A new measure for species extinction threat.

A new index has been developed to help conservationists better understand how close species are to extinction.

The index, developed by a team of Australian researchers from the University of Adelaide and James Cook University, is called SAFE (Species Ability to Forestall Extinction).

The SAFE index builds on previous studies into the minimum population sizes needed by species to survive in the wild. It measures how close species are to their minimum viable population size.

“SAFE is a leap forward in how we measure relative threat risk among species,” says co-author Professor Corey Bradshaw, Director of Ecological Modelling at the University of Adelaide’s Environment Institute.

“The idea is fairly simple – it’s the distance a population is (in terms of abundance) from its minimum viable population size. While we provide a formula for working this out, it’s more than just a formula – we’ve shown that SAFE is the best predictor yet of the vulnerability of mammal species to extinction.”

Professor Bradshaw says SAFE is designed to be an adjunct to the International Union for Conservation of Nature (IUCN) Red List of Threatened Species, not a replacement.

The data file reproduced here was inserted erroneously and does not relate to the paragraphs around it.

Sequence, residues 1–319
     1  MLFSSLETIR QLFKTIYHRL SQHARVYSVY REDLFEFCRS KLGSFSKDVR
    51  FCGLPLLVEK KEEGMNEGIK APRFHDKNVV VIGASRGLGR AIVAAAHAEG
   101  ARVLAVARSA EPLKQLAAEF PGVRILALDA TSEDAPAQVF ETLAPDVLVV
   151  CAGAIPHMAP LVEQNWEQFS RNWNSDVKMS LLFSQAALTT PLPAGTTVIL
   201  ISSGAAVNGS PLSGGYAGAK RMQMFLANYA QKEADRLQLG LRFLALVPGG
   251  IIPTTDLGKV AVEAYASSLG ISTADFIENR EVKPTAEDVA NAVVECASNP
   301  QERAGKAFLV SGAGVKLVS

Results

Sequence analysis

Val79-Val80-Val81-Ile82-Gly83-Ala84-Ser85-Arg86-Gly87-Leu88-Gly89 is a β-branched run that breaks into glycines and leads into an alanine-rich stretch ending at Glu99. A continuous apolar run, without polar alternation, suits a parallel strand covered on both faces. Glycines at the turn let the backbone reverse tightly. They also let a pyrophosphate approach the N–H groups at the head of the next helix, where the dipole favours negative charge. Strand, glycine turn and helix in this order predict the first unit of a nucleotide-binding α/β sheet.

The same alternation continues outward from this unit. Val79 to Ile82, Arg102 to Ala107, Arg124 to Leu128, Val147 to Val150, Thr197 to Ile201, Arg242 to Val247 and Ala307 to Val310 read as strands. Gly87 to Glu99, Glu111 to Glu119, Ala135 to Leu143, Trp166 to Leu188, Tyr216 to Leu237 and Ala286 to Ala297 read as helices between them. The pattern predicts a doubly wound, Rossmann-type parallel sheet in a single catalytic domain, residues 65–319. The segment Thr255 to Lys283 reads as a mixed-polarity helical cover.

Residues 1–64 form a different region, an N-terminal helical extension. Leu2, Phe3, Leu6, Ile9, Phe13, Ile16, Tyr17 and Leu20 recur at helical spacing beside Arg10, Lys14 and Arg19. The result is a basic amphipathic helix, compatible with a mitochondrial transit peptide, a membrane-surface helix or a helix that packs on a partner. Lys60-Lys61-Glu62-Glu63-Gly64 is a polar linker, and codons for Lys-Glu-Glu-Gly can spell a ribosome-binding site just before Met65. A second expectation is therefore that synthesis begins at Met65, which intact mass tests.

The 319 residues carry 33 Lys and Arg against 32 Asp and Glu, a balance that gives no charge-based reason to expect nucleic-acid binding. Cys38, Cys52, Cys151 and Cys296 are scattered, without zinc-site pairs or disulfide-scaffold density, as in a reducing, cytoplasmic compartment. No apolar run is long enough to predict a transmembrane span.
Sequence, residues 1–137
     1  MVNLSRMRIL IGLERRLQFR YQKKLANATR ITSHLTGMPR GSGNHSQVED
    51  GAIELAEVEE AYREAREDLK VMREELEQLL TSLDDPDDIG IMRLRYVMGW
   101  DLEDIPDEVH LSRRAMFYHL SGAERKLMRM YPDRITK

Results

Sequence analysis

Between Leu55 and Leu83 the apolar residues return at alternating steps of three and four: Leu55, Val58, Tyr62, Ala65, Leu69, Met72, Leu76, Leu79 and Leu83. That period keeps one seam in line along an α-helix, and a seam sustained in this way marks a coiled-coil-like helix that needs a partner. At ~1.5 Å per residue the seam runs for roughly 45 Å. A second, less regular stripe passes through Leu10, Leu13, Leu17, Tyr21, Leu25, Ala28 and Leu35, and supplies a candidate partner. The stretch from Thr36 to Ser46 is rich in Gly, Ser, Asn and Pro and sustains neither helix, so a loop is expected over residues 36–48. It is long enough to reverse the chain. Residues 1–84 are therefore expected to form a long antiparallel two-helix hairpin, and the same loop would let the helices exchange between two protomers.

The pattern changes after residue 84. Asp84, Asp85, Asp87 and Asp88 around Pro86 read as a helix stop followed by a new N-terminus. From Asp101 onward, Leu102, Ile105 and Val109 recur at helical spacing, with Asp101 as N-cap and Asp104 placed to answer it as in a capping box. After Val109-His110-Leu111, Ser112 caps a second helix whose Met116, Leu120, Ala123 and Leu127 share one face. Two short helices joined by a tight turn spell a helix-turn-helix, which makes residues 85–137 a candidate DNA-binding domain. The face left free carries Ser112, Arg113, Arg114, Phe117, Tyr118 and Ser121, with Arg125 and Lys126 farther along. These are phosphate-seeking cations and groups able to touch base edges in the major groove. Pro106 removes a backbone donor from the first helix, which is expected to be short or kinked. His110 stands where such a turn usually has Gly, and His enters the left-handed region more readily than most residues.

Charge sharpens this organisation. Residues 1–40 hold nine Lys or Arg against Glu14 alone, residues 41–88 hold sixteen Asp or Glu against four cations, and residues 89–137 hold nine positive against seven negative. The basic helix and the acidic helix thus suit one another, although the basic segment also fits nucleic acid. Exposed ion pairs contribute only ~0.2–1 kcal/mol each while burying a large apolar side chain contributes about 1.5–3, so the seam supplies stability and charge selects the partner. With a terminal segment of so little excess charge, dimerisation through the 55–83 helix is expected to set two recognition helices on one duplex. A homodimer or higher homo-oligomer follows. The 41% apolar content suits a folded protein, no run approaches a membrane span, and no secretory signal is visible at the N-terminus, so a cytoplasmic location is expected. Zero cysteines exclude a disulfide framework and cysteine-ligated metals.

“Our index shows that not all Critically Endangered species are equal. A combined approach – using the IUCN Red List threat categories together with the SAFE index – is more informative than the IUCN categories alone, and provides a good method for gauging the relative ‘safety’ of a species from extinction,” he says.

Of the 95 mammal species considered in the team’s analysis, more than one in five are close to extinction, and more than half of them are at ‘tipping points’ that could take their populations to the point of no return.

“For example, our studies show that practitioners of conservation triage may want to prioritise resources on the Sumatran rhinoceros instead of the Javan rhinoceros. Both species are Critically Endangered, but the Sumatran rhino is more likely to be brought back from the brink of extinction based on its SAFE index,” Professor Bradshaw says.

“Alternatively, conservationists with limited resources may want to channel their efforts on saving the tiger, a species that is at the ‘tipping point’ and could have reasonable chance of survival.”

The SAFE index is detailed in a new paper published this month in the journal Frontiers in Ecology and Environment (http://dx.doi.org/10.1890/100177). It is co-authored by Reuben Clements (James Cook University), Professor Corey Bradshaw and Professor Barry Brook (The University of Adelaide) and Professor Bill Laurance (James Cook University).

Hugh Possingham on Marine Parks

Image by avlxyz on FlickrProfessor Hugh Possingham is in Adelaide today to advise SA Parliament on Marine Parks. Listen to a brief audio bite of Hugh on the importance and benefits of Marine Parks for South Australia here. For more about the science and benefits Marine Parks provide for the environment and society, head to Conservationbytes.com where Corey Bradshaw and Hugh discuss this issue in more detail.